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Measured hillslope erosion rates in the wet-dry tropics of Cape York, northern Australia: Part 2, RUSLE-based modeling significantly over-predicts hillslope sediment production

Brooks, Andrew, Spencer, John, Borombovits, Daniel, Pietsch, Timothy, Olley, Jon
Catena 2014 v.122 pp. 1-17
Revised Universal Soil Loss Equation, agricultural soils, data collection, dry season, pollution load, prediction, rangeland soils, rivers, savannas, sediment traps, sediment yield, sediments, streams, suspended sediment, tropics, watersheds, wet season, Australia, Great Barrier Reef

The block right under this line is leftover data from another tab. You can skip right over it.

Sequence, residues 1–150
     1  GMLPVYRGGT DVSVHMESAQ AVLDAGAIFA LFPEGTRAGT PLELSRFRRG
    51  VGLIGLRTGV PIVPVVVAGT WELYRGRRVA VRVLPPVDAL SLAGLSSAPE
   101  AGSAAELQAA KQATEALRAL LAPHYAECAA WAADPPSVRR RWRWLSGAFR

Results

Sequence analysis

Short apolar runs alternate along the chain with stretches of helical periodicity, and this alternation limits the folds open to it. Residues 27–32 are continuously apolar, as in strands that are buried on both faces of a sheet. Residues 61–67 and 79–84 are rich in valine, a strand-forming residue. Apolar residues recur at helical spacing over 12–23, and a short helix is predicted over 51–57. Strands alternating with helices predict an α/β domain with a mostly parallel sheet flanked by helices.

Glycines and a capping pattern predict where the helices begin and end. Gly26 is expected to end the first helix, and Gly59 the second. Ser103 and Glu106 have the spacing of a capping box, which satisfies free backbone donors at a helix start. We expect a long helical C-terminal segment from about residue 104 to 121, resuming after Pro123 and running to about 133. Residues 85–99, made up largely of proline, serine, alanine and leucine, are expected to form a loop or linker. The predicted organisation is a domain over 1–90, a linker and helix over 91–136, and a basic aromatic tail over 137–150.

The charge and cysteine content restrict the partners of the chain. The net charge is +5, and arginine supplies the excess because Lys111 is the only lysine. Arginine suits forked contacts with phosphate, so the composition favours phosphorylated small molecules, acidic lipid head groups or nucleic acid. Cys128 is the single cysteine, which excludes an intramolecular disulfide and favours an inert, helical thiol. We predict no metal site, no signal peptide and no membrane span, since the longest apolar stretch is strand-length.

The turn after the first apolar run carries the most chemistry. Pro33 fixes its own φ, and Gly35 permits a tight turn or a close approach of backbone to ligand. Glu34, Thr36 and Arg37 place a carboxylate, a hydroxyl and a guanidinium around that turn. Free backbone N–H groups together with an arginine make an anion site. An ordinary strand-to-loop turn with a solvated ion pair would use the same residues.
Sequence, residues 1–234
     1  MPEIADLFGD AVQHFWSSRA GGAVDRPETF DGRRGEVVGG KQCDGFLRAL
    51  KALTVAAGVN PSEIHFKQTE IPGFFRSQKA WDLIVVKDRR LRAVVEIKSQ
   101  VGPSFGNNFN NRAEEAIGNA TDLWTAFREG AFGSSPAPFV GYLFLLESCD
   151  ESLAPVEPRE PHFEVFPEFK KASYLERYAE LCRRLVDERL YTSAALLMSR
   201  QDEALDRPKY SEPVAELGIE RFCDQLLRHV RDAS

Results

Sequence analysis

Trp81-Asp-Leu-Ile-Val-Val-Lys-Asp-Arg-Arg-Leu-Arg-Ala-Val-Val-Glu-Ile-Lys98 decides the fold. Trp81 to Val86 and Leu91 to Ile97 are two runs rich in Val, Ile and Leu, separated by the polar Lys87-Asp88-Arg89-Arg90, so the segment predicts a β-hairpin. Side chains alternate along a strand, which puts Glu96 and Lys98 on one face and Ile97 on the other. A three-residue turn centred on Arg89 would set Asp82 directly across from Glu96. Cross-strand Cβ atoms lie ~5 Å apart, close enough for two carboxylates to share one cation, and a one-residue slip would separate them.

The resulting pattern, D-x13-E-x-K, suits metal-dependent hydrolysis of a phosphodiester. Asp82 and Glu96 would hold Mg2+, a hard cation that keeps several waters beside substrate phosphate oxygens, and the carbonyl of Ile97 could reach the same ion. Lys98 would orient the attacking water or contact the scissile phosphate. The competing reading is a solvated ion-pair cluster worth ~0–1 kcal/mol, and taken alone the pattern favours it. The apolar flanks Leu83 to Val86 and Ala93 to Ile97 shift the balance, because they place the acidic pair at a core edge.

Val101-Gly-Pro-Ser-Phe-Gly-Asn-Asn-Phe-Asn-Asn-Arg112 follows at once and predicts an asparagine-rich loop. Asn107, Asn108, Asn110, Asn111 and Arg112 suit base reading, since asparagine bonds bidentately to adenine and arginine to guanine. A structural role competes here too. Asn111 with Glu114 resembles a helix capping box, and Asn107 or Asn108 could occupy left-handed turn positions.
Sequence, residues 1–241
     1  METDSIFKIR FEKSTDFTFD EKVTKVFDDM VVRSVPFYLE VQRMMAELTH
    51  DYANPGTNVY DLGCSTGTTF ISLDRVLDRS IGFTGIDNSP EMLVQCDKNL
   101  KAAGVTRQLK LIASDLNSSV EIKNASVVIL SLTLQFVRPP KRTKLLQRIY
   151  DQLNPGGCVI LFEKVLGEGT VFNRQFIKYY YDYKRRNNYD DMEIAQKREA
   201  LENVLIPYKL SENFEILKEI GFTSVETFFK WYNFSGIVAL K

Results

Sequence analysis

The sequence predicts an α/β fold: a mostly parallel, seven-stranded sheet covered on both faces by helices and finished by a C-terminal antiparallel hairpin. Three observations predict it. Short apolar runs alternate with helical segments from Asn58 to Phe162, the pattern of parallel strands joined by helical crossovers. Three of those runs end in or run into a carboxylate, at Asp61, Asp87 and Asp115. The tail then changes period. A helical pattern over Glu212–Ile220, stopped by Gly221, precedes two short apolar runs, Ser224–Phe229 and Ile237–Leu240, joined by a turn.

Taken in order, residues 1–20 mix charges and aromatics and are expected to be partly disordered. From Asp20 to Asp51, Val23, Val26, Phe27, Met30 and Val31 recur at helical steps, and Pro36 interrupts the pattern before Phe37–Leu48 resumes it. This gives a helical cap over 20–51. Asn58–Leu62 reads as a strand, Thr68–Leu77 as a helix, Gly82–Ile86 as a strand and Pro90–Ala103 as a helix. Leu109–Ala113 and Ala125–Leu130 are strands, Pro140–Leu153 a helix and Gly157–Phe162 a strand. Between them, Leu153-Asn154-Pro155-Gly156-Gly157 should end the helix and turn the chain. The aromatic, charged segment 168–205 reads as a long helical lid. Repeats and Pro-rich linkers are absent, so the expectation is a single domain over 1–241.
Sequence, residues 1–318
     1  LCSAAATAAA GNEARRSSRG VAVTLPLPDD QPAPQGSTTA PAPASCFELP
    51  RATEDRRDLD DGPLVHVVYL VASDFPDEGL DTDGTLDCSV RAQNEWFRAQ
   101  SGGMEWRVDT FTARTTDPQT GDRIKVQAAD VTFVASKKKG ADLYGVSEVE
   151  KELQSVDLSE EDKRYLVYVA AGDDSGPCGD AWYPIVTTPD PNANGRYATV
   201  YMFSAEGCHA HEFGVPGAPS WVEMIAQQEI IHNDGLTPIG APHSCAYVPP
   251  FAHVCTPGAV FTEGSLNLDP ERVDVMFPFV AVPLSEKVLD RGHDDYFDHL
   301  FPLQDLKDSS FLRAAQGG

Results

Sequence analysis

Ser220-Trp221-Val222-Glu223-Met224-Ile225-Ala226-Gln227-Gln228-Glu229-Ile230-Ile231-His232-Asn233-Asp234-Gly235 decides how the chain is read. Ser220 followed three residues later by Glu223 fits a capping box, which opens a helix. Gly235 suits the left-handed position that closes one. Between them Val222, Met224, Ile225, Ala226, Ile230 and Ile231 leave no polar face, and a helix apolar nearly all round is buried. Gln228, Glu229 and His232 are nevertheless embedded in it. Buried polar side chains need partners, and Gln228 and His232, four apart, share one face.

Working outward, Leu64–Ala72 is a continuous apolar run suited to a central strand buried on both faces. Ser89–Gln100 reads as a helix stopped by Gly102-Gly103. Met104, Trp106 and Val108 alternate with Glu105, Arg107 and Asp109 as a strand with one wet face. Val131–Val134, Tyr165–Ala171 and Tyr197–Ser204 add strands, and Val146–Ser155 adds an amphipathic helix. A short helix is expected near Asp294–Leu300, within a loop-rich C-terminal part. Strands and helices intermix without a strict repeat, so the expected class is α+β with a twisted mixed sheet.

Hillslope erosion rates have been estimated from models based on the widely used Revised Universal Soil Loss Equation (RUSLE) over large areas of Australia as a basis for catchment and river management. In this paper we present data from erosion plots in the Normanby catchment, Cape York, Australia. Extremely high rates of hillslope erosion are predicted in areas of the Normanby, producing extremely high modeled suspended sediment loads in streams which drain into the Great Barrier Reef (GBR) Lagoon. Using a novel, low budget sediment trap, total sediment yield is measured across the annual wet season (November to April) in 11 plots ranging in size from 0.1 to 1.9ha. Total hillslope erosion rates (i.e., suspended and bed material load) measured within the four main geologies in the catchment, range between 0.03–256kg/ha/yr. across two distinctly different wet seasons. These data are compared with the RUSLE modeled sediment yields determined for the same sites, for the same periods of time, using five different model formulations; two existing catchment scale models along with three plot scale formulations based on measured plot scale parameters. Modeled sediment yields using the first catchment scale model ranged from 4290 to 57,040kg/ha/yr.; while the second catchment scale model predicted values of 730–9680kg/ha/yr. Modeled yields using plot scale metrics together provided values ranging from 1550 to 331,700kg/ha/yr. Depending on which modeled data are used, this represents an average ratio of over prediction by the RUSLE model (cf the measured rates for the same period) of between 12 and 13,300 times. We suggest that the over-prediction is due to four key reasons: 1) K factors have been incorrectly extrapolated from empirical data collected elsewhere on agricultural soils that vary greatly from the typical savannah rangeland soils; 2) the high stone content of the soils typically found on many of the savannah hillslopes is not adequately represented in either the C or K factor, 3) the model assumes that sediment supply is a linear function with time, when in fact the K factor (and hence supply) is likely to be non-linear though time—i.e. exhibiting supply exhaustion over an individual wet season or over the longer term (e.g. 103–104years), and 4) the vegetative cover factors applied in previous modeling have used the late dry season C values, when the average cover factor across the wet season is significantly lower (where lower C factor=higher cover). We have derived new K factor values from our data for application in a new catchment model.